Prison works… for some

20 January 2015

Prevailing rhetoric around the state of the UK prison service revolves around the sense of crisis. Ken Clarke famously made a damning speech in which he called prison “an expensive way of making bad people worse”. However the current Justice Secretary, Chris Grayling has been adamant in affirming that “prison does work”. In a recent roundtable with Michael Spurr, Chief Executive of the National Offender Management Service, Reform posed the question: “Does prison work?”

Prison is widely thought to be ineffective in rehabilitating offenders and deterring them from crime, with Ministers and policymakers referring to “stubbornly high” recidivism rates.

The real picture is more complex. It is indeed true that the proven reoffending rates for short-sentenced prisoners are still “stubbornly high”, hovering around the 60 per cent mark for the last decade. Reoffending rates for those prisoners serving sentences of more than a year tell a different story however. Proven reoffending by long-sentenced prisoners has fallen by almost 20 per cent over the decade to 2012 to less than 35 per cent.

This raises some important questions over the role of prisons in the criminal justice system. Clearly, if prison is ineffective for short-sentenced prisoners, a change must be made. The Transforming Rehabilitation programme has made progress on this by extending post-release supervision to this group.

Additional reforms could include either introducing shorter rehabilitation programmes in prisons that offenders could complete even if they are on short sentences, or even removing short sentences as a disposal altogether, as community orders are shown to have much better reoffending outcomes for this group. This would also have the benefit of dramatically reducing the prison population, and may even have a knock-on effect on wider sentencing behaviour.

There are concerns that mandatory life sentences for some crimes have resulted in a “ratcheting up” of sentences for less serious crimes. Removing the option of a prison sentence for non-serious and non-violent crimes could therefore have the opposite effect – a “ratcheting down” of sentences for more serious crimes.

Despite concerns over how prisons will adapt to changing offender demographics and continued budget cuts, falling reoffending rates represent compelling evidence that prison is improving, at least for those serving long sentences. Further reform is needed to ensure that a solution is found for the rest.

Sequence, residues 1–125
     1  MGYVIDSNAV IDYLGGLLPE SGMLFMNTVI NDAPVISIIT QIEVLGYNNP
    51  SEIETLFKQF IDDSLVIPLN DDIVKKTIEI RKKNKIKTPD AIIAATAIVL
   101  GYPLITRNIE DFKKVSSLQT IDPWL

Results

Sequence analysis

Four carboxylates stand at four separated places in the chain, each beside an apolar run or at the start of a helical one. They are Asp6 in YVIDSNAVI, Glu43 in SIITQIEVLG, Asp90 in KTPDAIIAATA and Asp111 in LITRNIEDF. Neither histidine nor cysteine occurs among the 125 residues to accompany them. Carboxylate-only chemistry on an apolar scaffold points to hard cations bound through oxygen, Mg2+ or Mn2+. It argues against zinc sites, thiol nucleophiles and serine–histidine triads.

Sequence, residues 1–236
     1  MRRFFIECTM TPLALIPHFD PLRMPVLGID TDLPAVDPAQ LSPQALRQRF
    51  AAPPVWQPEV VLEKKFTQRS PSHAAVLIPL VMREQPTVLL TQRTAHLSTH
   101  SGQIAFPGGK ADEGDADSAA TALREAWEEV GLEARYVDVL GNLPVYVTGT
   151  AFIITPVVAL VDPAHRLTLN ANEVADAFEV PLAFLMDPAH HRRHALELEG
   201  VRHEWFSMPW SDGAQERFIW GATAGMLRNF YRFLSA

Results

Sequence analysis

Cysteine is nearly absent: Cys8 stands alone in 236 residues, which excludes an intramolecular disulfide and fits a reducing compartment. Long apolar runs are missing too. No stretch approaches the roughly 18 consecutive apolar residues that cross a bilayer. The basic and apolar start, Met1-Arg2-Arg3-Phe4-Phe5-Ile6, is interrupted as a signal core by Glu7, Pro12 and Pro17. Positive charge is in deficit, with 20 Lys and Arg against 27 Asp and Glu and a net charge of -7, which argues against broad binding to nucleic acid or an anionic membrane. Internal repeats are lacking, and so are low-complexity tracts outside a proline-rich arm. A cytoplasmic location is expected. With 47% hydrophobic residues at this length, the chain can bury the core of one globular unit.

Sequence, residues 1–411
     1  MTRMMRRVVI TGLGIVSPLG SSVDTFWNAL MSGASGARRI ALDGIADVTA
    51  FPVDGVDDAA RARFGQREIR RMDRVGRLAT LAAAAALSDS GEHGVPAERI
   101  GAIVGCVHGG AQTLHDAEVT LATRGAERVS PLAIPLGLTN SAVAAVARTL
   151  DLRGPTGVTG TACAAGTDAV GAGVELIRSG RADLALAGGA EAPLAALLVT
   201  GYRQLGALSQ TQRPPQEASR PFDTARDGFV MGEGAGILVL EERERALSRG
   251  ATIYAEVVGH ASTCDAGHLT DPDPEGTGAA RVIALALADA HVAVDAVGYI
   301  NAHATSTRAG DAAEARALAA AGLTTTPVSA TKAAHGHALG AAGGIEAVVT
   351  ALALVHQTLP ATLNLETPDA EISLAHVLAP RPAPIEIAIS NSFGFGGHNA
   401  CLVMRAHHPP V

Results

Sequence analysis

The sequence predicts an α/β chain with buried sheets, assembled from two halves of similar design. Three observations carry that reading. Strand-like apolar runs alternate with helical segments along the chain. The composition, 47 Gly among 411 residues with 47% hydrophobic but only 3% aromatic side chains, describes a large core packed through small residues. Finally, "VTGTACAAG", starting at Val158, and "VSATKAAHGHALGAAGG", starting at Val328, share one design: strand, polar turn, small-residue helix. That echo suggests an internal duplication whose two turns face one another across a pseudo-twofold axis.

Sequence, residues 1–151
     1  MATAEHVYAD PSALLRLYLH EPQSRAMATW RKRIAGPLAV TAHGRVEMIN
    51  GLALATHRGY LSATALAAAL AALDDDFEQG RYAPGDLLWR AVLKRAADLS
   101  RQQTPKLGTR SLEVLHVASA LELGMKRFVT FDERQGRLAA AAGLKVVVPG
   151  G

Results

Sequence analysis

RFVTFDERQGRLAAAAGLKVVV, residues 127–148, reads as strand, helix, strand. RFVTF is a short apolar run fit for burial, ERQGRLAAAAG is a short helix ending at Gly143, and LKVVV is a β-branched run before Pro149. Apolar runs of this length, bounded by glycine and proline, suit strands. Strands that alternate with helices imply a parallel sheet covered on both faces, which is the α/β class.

Clare Fraser, Senior Researcher, Reform

Comments

Comments

Ryan Anthony Richardson

19 February, 2015

Thank you for this piece. I am currently serving an unspecified sentence in my community with the help and hindrance of mental health related torture via Hf radio signals, voice technology and electromagnetic weapons. I have a chequered past however I am a very broad minded and caring person when it comes to matter of a person in need of help or love and understanding. This situation , however progressive or trangressive my treatment is. I feel like I would like to know more about what I am experiencing and why it is I have had to, in my opinion deteriorate or continue to worsen but become more passionate and informed about the state we live in today. I was born into a working class background, I have never voted. I agree with most of the arguments across the board for Conservative and Labour but I am technically a Liberal Democrat. I would like to know how I have or could be of assistance, as my situation and position as someone who is disabled, as I write to you from home in bed and on benefits. I am capable, or would feel at greater use to be put to work with what I am experiencing. Not to keep static, but to move forward myself. I do believe that with anything, choices are made for people without full awareness of implications. The search for the truth can end up with alot of lies. Fear and life, like crime and punishment is a scary thing wherever you are in the world. I would like to help.Not have to join in hindering myself, and others. In the quest for safety. Bis Gleich,

KM

21 January, 2015

Wonderful idea but already towns in the north west (Blackpool, Liverpool, Manchester) are filled with offenders, some committing small crimes over 100 times without prison sentence. They're issued a tag or fine, the fine can be a small deterrent but for those on an income of benefits anyway, it doesn't seem to be anything more than a minor inconvenience. there needs to be more hand holding/checking in with these kinds of offenders who know they won't go to prison to stop reoffending